Rhythm in Writing

The other day, a friend asked me to beta-read her newest story. (Meaning the project was still a draft and she wanted me to make comments on what worked and what didn’t work.) I love her stuff and was happy to give her new one a read.

Here’s the comment I made on the very first line: You might want to cut <redacted> because it’s a cliche and it messes up the rhythm of the sentence.

Now, ranting about cliches certainly deserves it’s own post, but for today, I want to focus on the second half of that comment.

“….it messes up the rhythm of the sentence.”

Do you pay much attention to the way a sentence flows? I do. It’s one of my favorite parts of writing. I love fiddling with words, because sometimes a small change can take a mundane idea and make it pop.

Here’s an example from my story Change of Heart:

My family disproved the term poor as dirt. See, we was poor, but we had plenty of dirt. We just couldn’t get much to grow.

Now, there are a bunch of different ways I could have communicated the same ideas – the character’s family was poor and their farmland was worn out – but for me, the paragraph’s structure emphasizes the beats.

Is that vague enough for you? Let me see if I can break it down a little more. To my ear, the first sentence has four even beats: my FAMily disPROVED the term POOR as DIRT. The commas in the second sentence scramble that steady rhythm: SEE (pause) we was POOR (pause) but we had PLENTy of DIRT. And then the last sentence picks up the steadiness of the first sentence, but with three beats instead of four: we just COULDn’t GET much to GROW.

Now, when I wrote that paragraph, I didn’t set out with an agenda. I didn’t think “I want X beats here and Y beats there.” I just kept fiddling with the lines until they sounded interesting. I only analyzed the rhythm after the fact – like today, writing this post.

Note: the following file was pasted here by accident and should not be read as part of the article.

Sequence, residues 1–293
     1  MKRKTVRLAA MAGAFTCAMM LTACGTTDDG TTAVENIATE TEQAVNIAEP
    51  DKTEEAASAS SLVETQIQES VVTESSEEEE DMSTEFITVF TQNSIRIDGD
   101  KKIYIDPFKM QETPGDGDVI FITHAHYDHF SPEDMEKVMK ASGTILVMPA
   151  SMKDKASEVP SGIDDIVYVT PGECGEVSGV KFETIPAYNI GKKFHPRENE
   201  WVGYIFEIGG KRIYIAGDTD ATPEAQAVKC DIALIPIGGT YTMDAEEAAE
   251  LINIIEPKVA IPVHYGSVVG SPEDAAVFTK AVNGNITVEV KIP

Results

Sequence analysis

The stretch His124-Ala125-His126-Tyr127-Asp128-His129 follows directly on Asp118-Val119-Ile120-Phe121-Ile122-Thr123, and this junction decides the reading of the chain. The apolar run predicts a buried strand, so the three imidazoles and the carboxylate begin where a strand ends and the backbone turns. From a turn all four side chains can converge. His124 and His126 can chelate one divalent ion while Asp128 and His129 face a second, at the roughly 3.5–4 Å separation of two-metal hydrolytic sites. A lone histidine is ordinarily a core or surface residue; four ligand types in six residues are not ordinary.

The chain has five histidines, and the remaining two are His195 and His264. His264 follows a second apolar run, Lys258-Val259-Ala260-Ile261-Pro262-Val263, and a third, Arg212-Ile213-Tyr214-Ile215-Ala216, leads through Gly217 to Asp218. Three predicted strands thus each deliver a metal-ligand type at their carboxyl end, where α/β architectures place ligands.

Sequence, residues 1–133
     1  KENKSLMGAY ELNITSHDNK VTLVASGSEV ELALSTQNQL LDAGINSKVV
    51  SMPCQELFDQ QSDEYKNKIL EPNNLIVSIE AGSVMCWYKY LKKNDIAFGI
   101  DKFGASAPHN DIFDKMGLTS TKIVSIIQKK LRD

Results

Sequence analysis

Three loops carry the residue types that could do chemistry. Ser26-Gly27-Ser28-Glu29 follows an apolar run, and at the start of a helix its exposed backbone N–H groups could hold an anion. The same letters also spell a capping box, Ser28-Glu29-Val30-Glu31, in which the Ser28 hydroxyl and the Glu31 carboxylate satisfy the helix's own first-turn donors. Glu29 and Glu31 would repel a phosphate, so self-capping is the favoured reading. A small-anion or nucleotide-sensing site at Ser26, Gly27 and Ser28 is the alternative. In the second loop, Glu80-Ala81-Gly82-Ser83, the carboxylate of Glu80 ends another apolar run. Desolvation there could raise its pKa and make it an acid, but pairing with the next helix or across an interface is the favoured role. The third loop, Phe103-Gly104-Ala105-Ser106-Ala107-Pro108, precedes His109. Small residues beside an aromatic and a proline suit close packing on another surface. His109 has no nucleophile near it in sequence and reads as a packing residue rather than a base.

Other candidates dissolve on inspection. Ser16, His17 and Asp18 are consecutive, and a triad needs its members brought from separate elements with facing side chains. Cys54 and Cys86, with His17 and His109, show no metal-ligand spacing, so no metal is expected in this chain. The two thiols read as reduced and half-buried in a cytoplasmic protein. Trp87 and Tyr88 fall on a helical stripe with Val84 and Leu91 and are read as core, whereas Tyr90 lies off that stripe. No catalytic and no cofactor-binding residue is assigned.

Here’s another example where the rhythm of the sentence really works for me. This is from Alexis Hall’s book, Glitterland.

And when he kisses me it feels a bit like fear and tastes a bit like tears, but it’s as bright and sweet as sherbet, and I decide to call it joy. 

The music in this sentence comes from the way he links the phrases together, mostly by repeating the word “and”. Alexis is a master of cadence. He’s one of the writers I turn to when I need some inspiration to break out of a slump.

Another example is from Sarah Perry’s fantastic The Essex Serpent

He felt his faith deeply, and above all out of doors, where the vaulted sky was his cathedral nave and the oaks its transept pillars: when faith failed, as it sometimes did, he saw the heavens declare the glory of God and heard the stones cry out.

“….and heard the stones cry out.” … sigh …

I’ve only recently discovered Sarah’s work – I read Melmoth last week and OMG spooky and wonderful – and she’s a lovely writer. Her words just flow.

Writing prose isn’t like writing lyrics to a pop song, where there’s a set number of beats to every line. But it is like writing lyrics to a pop song, because when the rhythm is right, your work will sing.

As long as I’ve got your attention, I’ve got a couple books on sale this week. AQUA FOLLIES (gay romance set in 1955 Seattle) is marked down to $0.99 (regular $4.99). Also, HAUNTED (Reluctant psychic meets skeptical historian. Shenanigans ensue) is on sale for $0.99 too!
Jump HERE for AQUA FOLLIES.
Jump HERE for HAUNTED.

Happy reading!!

Margie Lawson has a post over on the Writers on the Storm blog that talks about creating compelling cadence – same idea, different words. Margie’s an excellent teacher, so you should check out her post!